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Preventive effect of antioxidant on ultraviolet-induced skin cancer in mice.

Ichihashi M, et al. J Dermatol Sci. 2000.

Abstract

Reactive oxygen species (ROS) have been shown to be responsible for inducing DNA damage after ultraviolet radiation (UV). Antioxidant, vitamin E and epigallocatechin gallate extracted from green tea, applied topically to the skin, delayed the onset of UV-induced skin cancer in mice. Since olive oil is reported to have a potent antioxidative effect in in vitro system, we asked whether, topical use of olive oil reduces the number and delays the onset of UV-induced skin cancer in mice. We found that super virgin olive oil painted immediately after UVB radiation significantly delayed the onset and reduced the number of skin cancer, but pretreatment of super virgin olive oil and pre- and/or post treatment by regular olive oil neither retarded nor reduced skin cancer formation in UV-irradiated mice. Further, 8-hydroxy-deoxyguanosine (8-OHdG) formation in mice epidermis was apparently reduced by super virgin olive oil painted immediately after UV radiation, although cyclobutane pyrimidine dimers and (6-4) photoproducts were not reduced by olive oil treatment. Our results suggest that daily topical use of super virgin olive oil after sun bathing may delay and reduce UV-induced skin cancer development in human skin, possibly by decreasing ROS-induced 8-OHdG which is responsible for gene mutation.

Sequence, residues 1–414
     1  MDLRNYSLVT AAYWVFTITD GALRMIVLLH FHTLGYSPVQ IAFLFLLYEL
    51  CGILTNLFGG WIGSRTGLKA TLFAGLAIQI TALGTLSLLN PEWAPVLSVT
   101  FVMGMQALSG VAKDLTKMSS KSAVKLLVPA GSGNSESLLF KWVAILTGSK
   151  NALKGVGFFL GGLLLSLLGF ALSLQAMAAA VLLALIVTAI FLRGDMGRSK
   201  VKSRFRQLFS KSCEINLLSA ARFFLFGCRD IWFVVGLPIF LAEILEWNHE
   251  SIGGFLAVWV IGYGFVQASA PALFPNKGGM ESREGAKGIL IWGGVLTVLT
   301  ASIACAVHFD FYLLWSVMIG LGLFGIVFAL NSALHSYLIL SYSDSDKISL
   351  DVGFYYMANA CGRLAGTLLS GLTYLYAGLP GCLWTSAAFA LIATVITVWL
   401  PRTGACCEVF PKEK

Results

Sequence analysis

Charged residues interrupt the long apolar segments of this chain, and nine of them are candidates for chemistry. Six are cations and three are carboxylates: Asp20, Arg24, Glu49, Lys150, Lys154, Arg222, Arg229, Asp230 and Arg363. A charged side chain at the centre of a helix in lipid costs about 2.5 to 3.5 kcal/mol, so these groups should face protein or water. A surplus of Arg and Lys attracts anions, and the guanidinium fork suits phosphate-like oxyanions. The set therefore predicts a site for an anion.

PMID

10764992 [Indexed for MEDLINE]

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